With currency and credit spread movements topical at present, we remind readers of the numerous options available in GBP
Many of our clients have invested in USD bonds over the past two years but only a small number have considered GBP denominated bonds.
Craig Swanger recently wrote about GBP currency trends and the pros and cons of investing in GBP bonds in his article “Rule Britannia – Britain’s economy beats the odds” published on 23 June.
As a follow up to that article, we have reviewed the GBP market and highlight the following “old style” Tier 1 (perpetual hybrid) and Tier 2 (subordinated debt) securities as our preferred DirectBonds. Being the “old style” structure, we expect all to be called at first opportunity although Old Mutual has higher call risk (see the Old Mutual factsheet for further details).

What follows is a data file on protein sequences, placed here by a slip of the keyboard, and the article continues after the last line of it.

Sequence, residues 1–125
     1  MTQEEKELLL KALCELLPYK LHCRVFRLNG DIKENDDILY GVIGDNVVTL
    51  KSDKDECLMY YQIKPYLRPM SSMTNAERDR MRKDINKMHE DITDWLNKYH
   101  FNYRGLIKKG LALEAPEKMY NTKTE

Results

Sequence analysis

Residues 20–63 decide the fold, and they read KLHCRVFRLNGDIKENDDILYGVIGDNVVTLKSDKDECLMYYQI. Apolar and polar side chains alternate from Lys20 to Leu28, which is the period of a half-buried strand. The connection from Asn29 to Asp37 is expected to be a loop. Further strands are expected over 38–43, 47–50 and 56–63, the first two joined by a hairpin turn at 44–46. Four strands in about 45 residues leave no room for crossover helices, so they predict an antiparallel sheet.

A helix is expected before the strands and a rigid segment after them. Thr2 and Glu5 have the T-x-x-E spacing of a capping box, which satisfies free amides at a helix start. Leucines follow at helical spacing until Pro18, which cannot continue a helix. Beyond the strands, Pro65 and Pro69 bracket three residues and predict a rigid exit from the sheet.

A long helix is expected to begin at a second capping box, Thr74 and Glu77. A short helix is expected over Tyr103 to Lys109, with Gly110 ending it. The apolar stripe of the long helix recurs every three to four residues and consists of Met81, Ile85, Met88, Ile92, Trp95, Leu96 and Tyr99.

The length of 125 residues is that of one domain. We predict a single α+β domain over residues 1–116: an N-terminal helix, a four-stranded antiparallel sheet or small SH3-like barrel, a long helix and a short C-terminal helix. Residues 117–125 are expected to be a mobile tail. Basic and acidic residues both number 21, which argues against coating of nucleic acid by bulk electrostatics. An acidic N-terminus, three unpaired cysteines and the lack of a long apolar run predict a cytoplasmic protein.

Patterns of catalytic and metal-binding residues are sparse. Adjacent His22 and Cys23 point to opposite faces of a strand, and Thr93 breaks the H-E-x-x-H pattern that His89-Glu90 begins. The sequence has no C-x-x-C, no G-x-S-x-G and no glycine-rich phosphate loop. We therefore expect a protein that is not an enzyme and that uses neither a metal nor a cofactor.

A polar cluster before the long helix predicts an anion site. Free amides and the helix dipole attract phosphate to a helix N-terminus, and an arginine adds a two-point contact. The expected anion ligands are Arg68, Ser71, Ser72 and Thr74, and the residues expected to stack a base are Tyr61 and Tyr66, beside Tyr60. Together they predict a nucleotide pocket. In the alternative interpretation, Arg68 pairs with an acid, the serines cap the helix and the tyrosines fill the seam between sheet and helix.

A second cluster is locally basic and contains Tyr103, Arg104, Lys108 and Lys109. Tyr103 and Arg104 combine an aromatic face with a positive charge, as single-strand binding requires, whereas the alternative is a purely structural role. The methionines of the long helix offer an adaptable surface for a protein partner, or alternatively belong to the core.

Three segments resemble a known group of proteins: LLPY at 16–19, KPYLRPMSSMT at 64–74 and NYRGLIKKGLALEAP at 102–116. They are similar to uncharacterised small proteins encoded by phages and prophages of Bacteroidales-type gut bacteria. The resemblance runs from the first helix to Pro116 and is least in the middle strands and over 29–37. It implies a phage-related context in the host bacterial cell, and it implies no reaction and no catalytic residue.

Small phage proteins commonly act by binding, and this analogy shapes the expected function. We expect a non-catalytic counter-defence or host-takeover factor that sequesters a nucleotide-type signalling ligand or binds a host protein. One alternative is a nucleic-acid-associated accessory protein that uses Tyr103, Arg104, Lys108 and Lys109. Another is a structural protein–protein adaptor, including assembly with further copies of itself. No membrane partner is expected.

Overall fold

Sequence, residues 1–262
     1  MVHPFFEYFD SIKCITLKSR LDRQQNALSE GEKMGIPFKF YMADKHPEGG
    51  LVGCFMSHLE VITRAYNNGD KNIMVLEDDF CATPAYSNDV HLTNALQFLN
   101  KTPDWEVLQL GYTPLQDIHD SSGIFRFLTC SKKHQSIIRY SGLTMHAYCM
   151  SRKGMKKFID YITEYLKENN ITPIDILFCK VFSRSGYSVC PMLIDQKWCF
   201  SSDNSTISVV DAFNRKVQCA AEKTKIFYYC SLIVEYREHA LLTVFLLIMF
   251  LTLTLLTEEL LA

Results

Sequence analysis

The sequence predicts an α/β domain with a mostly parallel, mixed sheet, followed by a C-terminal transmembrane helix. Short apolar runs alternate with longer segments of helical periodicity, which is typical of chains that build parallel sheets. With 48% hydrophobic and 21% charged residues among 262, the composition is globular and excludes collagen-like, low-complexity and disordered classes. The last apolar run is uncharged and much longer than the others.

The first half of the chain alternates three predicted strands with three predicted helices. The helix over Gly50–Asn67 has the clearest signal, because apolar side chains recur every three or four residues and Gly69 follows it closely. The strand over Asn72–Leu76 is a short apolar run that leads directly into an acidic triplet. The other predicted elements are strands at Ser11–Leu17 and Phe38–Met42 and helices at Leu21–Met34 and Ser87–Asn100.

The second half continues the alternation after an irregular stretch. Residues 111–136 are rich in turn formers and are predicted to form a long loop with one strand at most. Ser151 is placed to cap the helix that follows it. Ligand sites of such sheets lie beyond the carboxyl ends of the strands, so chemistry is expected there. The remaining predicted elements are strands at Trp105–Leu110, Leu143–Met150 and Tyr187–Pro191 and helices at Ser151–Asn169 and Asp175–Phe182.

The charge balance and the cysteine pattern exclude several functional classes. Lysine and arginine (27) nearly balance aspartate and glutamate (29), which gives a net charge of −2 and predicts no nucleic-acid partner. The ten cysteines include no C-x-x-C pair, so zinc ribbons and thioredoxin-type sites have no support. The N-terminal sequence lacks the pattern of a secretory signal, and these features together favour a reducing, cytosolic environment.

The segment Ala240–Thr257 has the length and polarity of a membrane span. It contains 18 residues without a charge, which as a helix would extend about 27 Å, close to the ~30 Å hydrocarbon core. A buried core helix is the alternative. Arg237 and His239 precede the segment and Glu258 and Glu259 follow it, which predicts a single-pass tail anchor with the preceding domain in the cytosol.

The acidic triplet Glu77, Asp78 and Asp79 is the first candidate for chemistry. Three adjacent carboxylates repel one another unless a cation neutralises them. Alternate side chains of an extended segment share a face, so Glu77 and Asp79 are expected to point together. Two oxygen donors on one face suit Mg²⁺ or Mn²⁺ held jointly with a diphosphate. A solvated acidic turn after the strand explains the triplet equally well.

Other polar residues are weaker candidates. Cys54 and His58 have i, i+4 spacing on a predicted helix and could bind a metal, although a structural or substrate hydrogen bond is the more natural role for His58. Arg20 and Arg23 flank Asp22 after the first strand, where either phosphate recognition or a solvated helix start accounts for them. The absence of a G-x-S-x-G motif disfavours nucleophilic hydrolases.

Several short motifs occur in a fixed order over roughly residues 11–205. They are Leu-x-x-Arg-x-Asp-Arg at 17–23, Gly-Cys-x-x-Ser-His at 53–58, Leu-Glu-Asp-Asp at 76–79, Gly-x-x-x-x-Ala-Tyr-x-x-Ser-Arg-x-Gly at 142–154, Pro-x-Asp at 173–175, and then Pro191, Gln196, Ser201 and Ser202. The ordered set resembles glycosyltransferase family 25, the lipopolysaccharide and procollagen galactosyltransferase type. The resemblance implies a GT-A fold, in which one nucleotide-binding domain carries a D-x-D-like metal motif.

There is a range of securities available with varying credit quality. The QBE security is Tier 2 and the other four are Tier 1 securities, but all are classified as “old style” and were issued pre-Basel III/Solvency II. All of the securities above are available to wholesale investors only.
Old Mutual trades at the widest credit margin to call date of the five chosen (circa +550bps over swap) but is rated sub-investment grade, two to four notches below the other securities which are all investment grade. At the other end of the spectrum is Rabobank, one of the strongest banks in the world, with a credit margin to the first call date of around +330bps.
Factsheets are available for the Friends Life, Old Mutual and QBE securities – please follow the links in related articles to download these. The Swiss Re and Rabobank Tier 1 securities don’t have factsheets but are similar in structure to the step-up AUD Tier 1 securities that many readers will be familiar with.
For further details, including research reports, please contact your FIIG representative.
All prices and yields are a guide only and subject to market availability. FIIG does not make a market in these securities.